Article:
MEXICO - It all began with a yell, the "Grito de Dolores!"
On September 16, 1810, Miguel Hidalgo, the priest who would go on to lead Mexico's military in that country's war for independence, pleaded with his congregation in the small town of Dolores to join the rebelling against the Spanish crown which had ruled Mexico for 300 years.
He ended his plea with an emotional cry for the success and survival of the Mexican people. This rallied the congregation and has come to be remembered and honored much in the same way as we celebrate the Boston Tea Party in the U.S.
Many people tend to confuse this celebration with Cinco de Mayo, but as the saying goes, that's another story. The "grito" celebrates the war for independence which began in 1810 and ended in 1821 as Spanish troops were finally driven from Mexico.
So every September 15th, the eve of Mexico's Independence Day, the "grito" was loudly heard again. Celebrations rang out in every village, town and city in Mexico and in Mexican communities across the U.S., with church bells clanging and people yelling "Viva Mexico!" at the top of their lungs.
Mexicans celebrated their Independence Day under heavy police surveillance and with a somber memorial for eight revelers killed last year in a shocking grenade attack on the public by drug traffickers.
Nobel Peace Prize winner Rigoberta Menchu placed flowers in the plaza in the colonial city of Morelia, where 106 people also were wounded in the first deliberate attack on civilians by cartels. Morelia is the state capital of Calderon's home state of Michoacan, where the La Familia drug gang is based.
The attack rocked the nation by targeting a cherished tradition - one that brings millions of Mexicans together in public plazas each year to celebrate the 1810 start of Mexico's 10-year war of independence from Spain.
The Guatemalan peace activist urged people to attend Tuesday night's festivities and not fall into "a culture of fear."
"We can't lose our right to be out on the streets," said Menchu, an Indian rights activist whose family was killed during the Guatemalan civil war.
Michoacan Gov. Leonel Godoy said this year's celebrations would be overshadowed by last year's killings.
Snipers took positions on roofs of centuries-old buildings around Morelia's picturesque plaza Tuesday. Hundreds of jubilant revelers still turned out, but the crowd was notably thinner than in past years. The square was missing vendors who ordinarily hawk tamales, Mexican flags and noisemakers.
Last year, the attack came during the traditional "grito," or shout of independence shortly before midnight. Godoy had just finished yelling "Viva Mexico!" from a balcony, when two grenades exploded simultaneously in the crowd, blocks apart. He was unharmed.
The government arrested three men who said they belong to the Zetas, a group of hit men tied to the Gulf cartel. Relatives of the suspects say the men were kidnapped and tortured into confessing.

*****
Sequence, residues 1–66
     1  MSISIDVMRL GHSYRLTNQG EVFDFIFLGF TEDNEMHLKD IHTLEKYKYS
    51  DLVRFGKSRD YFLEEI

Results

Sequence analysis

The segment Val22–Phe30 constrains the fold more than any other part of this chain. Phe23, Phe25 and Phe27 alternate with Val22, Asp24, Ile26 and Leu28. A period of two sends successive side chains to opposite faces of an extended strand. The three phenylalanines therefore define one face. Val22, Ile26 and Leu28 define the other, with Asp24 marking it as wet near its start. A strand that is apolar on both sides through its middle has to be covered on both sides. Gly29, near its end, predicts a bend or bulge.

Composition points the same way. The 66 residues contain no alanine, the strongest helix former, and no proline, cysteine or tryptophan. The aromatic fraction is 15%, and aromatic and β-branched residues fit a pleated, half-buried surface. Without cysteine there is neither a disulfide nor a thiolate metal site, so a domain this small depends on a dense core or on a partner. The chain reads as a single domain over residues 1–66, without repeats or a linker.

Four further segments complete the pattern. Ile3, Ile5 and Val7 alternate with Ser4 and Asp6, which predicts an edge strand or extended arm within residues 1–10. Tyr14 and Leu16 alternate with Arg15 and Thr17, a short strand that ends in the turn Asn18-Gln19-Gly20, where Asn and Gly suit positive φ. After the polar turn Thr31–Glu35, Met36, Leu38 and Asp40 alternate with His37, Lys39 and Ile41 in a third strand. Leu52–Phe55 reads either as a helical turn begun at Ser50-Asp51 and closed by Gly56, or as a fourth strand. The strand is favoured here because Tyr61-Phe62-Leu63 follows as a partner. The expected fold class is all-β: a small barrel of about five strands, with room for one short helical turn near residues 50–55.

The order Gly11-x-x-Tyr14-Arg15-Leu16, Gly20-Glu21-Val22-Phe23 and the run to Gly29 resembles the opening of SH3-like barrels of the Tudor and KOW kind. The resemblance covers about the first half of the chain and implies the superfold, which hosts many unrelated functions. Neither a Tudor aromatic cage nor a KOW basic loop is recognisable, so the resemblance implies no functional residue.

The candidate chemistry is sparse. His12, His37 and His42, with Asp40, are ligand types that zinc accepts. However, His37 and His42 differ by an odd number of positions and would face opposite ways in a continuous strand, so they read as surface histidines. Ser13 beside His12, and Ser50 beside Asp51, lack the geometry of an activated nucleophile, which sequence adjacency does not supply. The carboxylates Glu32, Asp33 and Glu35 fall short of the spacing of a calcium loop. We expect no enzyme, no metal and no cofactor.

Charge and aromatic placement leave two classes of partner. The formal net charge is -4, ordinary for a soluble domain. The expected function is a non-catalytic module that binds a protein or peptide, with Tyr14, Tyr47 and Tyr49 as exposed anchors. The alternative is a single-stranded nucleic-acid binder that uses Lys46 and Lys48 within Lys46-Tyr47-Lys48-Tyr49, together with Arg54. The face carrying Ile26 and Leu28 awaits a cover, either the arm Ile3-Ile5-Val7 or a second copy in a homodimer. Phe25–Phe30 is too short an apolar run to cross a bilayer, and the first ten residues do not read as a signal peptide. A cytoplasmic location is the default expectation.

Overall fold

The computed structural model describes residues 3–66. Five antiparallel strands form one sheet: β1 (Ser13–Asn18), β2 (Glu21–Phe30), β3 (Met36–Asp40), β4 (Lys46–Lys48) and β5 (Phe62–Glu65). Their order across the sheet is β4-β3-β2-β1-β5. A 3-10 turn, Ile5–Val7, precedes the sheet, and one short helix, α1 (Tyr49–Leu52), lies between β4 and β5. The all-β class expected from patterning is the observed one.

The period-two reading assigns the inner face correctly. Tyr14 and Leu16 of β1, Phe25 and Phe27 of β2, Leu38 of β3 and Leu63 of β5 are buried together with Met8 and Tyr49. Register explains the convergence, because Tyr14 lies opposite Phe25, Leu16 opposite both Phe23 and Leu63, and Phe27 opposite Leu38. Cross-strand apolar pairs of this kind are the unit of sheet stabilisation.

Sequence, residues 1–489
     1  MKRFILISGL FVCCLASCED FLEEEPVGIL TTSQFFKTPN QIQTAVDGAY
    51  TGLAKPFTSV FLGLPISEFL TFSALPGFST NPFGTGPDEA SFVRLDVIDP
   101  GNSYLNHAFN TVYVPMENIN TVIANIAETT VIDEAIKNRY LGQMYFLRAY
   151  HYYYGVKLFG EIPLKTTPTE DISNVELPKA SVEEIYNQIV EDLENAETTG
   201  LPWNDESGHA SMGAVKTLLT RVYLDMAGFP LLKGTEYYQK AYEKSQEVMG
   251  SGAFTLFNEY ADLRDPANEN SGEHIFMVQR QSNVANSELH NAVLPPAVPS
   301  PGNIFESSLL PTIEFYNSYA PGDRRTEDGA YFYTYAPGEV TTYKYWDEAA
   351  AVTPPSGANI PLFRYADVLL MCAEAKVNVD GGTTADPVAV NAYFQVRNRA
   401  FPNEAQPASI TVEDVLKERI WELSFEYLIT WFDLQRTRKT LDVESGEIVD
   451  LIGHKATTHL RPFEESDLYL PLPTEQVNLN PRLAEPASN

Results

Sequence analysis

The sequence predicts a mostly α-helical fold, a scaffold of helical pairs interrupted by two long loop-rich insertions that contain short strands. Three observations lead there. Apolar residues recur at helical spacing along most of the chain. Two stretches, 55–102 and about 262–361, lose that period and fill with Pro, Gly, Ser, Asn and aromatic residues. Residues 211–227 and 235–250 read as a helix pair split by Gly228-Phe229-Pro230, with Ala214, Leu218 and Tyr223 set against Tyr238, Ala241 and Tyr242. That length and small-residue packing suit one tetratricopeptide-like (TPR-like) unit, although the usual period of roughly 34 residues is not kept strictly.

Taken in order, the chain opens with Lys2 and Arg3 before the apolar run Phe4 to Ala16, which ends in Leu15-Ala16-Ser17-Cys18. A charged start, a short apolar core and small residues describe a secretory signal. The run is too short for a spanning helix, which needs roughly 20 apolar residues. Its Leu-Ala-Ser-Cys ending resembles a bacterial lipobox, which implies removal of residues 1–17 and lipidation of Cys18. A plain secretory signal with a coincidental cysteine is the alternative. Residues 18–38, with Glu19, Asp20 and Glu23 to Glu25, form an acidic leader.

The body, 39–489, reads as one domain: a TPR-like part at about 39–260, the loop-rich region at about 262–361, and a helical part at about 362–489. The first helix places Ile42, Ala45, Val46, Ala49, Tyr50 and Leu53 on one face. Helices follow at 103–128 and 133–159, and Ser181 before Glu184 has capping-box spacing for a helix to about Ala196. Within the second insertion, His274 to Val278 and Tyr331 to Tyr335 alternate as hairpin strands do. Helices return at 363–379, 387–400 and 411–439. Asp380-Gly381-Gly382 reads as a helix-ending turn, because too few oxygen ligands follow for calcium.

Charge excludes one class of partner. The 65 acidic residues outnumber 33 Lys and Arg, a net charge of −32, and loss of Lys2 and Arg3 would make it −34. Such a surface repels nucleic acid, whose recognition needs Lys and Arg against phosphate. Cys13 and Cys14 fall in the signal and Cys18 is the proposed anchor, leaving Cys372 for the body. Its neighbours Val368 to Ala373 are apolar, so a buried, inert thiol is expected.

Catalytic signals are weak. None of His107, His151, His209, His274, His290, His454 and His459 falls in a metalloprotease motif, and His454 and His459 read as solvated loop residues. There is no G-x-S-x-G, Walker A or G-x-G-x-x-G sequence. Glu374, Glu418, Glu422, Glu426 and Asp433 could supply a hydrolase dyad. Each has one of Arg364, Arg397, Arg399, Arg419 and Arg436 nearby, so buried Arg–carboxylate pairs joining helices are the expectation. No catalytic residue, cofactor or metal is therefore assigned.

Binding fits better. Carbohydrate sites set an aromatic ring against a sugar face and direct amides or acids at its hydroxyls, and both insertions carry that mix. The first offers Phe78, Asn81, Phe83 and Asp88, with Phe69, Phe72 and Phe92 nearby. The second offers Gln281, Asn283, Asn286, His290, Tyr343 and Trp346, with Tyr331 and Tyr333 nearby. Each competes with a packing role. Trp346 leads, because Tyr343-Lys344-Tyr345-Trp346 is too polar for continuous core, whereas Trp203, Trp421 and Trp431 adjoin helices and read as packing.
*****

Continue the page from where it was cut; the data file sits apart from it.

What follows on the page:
Godoy delivered the "grito" without incident Tuesday night.
In Mexico City, police checked revelers with hand-held metal detectors before letting them into the streets surrounding the main plaza, called the Zocalo. Mexico City police said more than 10,000 police were deployed at the square.
Even so, tens of thousands of raucous celebrants joyfully watched Calderon emerge onto the National Palace balcony and shout "Viva Mexico!" three times, waving a Mexican flag. The crowd echoed his cries then cheered as they watched fireworks lighting up the cloudy night sky.
Other cities took precautions as well. In Ciudad Juarez on the Texas border, Mexico's deadliest city, hundreds of police and soldiers patrolled near independence festivities and checked people randomly.
The bloodshed continued in other parts of the border city, with five people shot to death at a car wash Tuesday evening. Ten people were killed in two other shootings Monday night.
Mexico's Senate called for a minute of silence in honor of the victims' memory.
"On September 15, 2008 ... organized crime inaugurated a new era in the country's violence," said Sen. Jesus Garibay, adding that the attack "made the whole nation tremble."
The attack was seen as a defiant response to Calderon's crackdown on organized crime, launched in 2006 from Michoacan with the arrival of thousands of troops. Since then, the government has deployed more than 45,000 soldiers and federal police to drug hotspots.
Drug traffickers have responded fiercely, unleashing unprecedented violence with shootouts and gruesome decapitations. More than 13,500 people have been killed by drug violence in 3 1/2 years. The government says most of the dead were involved in drug trafficking.
Some civilians, including children, have been caught in the crossfire, but the general public is rarely targeted.
Categorías: Latino News
Published: 30/3/10 a las 4:13PM